Math students through the ages pound their heads on their desks, asking the same question: Why do the numbers 12, 60, and 360 show up so often? Specifically:

- 12 inches in a foot; 360 inches in 30 feet
- 12 is one dozen; 12 dozen is a gross
- 60 seconds in a minute
- 60 minutes in an hour (so 3600 seconds per hour)
- 360 degrees in a circle

Anyone who uses metric measurements immediately finds these sorts of numbers cumbersome and bizarre. Sure, these numbers are a hassle if you’re multiplying, adding, or subtracting. But in one respect these numbers work far better than metric: dividing equally.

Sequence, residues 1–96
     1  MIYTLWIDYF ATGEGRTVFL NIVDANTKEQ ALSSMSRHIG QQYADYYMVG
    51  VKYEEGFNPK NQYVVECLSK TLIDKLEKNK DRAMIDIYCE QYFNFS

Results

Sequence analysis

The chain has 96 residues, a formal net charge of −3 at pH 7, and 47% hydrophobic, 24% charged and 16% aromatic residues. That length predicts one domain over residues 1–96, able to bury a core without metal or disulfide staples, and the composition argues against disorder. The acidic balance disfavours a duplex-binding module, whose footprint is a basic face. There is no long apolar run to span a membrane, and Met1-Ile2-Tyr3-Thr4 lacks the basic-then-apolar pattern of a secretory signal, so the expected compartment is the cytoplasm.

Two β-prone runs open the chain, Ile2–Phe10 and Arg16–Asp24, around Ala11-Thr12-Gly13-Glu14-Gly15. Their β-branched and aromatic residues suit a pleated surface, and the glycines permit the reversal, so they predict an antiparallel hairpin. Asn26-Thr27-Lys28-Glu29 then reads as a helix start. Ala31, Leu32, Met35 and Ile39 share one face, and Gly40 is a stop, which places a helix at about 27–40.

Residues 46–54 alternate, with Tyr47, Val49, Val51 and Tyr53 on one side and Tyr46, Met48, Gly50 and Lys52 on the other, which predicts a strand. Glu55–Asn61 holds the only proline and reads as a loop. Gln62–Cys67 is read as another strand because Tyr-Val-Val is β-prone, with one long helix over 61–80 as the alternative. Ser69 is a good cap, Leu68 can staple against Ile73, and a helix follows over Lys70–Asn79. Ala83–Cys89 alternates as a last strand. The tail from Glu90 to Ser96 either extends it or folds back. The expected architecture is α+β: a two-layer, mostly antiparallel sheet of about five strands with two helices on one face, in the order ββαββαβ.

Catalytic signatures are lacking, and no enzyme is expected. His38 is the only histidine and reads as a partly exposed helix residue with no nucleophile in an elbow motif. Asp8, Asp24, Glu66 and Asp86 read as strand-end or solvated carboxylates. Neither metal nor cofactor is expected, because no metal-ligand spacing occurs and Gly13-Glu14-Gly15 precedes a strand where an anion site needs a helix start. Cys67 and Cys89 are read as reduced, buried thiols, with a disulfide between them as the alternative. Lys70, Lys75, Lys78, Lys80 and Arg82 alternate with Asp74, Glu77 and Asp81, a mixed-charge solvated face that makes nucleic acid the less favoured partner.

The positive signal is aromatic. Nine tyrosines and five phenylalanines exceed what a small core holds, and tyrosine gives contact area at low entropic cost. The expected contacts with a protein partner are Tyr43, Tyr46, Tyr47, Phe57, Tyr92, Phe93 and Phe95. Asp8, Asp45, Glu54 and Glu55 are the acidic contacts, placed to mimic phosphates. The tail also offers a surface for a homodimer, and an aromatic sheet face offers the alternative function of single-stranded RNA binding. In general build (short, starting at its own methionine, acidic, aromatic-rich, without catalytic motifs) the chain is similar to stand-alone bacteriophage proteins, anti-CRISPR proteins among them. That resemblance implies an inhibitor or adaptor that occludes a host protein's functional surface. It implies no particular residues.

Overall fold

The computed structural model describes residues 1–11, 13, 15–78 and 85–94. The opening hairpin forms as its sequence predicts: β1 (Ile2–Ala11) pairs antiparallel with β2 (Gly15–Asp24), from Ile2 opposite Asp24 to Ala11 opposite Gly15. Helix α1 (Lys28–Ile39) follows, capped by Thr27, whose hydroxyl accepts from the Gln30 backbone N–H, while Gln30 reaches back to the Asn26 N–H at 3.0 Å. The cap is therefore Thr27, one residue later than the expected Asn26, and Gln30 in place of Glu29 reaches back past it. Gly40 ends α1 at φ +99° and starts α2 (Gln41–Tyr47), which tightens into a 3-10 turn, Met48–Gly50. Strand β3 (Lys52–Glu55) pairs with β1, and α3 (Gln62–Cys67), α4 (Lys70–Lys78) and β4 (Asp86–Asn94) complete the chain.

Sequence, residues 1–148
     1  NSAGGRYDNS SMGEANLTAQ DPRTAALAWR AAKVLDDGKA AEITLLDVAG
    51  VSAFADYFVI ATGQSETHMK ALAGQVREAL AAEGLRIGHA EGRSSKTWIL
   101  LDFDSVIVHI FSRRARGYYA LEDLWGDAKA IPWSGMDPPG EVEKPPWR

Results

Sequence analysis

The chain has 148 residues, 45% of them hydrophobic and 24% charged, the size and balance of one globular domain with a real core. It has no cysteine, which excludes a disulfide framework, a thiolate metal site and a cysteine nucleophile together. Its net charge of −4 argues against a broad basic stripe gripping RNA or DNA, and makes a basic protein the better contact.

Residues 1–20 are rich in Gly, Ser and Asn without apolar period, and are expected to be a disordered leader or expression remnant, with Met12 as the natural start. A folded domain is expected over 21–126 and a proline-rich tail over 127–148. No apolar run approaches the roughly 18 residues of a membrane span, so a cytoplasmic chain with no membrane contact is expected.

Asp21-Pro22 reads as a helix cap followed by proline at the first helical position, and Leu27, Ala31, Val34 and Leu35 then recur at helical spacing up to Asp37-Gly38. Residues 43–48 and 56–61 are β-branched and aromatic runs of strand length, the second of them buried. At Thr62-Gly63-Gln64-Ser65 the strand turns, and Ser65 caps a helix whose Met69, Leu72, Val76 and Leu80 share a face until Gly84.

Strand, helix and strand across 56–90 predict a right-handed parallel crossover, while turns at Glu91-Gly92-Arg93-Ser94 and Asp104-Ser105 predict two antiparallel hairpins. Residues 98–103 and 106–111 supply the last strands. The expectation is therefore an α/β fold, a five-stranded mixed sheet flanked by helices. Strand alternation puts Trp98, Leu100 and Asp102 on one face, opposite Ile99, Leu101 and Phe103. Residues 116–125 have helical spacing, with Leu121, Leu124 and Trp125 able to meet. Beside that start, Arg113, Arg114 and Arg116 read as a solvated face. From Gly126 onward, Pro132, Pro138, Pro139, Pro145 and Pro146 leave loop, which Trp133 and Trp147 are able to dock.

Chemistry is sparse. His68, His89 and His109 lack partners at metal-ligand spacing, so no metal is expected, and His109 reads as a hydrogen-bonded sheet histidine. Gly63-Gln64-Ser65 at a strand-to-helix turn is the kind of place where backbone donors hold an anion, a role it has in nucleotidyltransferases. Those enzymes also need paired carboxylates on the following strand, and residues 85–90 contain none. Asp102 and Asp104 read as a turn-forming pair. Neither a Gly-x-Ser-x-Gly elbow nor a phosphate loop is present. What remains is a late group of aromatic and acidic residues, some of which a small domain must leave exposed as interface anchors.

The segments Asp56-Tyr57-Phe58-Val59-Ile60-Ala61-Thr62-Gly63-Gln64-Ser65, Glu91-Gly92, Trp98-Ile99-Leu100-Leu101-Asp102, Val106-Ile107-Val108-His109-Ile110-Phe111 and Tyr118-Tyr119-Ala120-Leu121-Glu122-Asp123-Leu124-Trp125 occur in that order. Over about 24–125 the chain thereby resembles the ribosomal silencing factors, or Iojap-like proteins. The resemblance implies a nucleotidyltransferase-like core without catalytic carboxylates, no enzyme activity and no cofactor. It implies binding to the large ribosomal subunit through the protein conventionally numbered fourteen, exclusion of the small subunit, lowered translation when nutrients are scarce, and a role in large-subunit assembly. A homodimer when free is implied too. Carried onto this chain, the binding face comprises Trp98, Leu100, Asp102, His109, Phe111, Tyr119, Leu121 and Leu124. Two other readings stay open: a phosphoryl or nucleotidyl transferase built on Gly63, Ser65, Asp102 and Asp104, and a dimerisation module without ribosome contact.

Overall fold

For example, 12 can be divided equally into halves, thirds, fourths, and sixths. So if you’re selling eggs, a group of a dozen makes far more sense than a group of ten.

Similarly, it’s easy to divide 60 seconds into 2, 3, 4, 5, 6, 10, 12, 15, 20, or 30 parts.

And dividing a circle into 360 degrees makes sense because 360 can be evenly split into 2, 3, 4, 5, 6, 8, 9, 10, 12, 15, 18, 20, 24, 30, and so on…

100 degrees is wonderful when you need to work with fine increments (such as the difference between 35 and 36 degrees Celsius) but it’s a pain when you need to split it into thirds, eighths, and other odd divisions.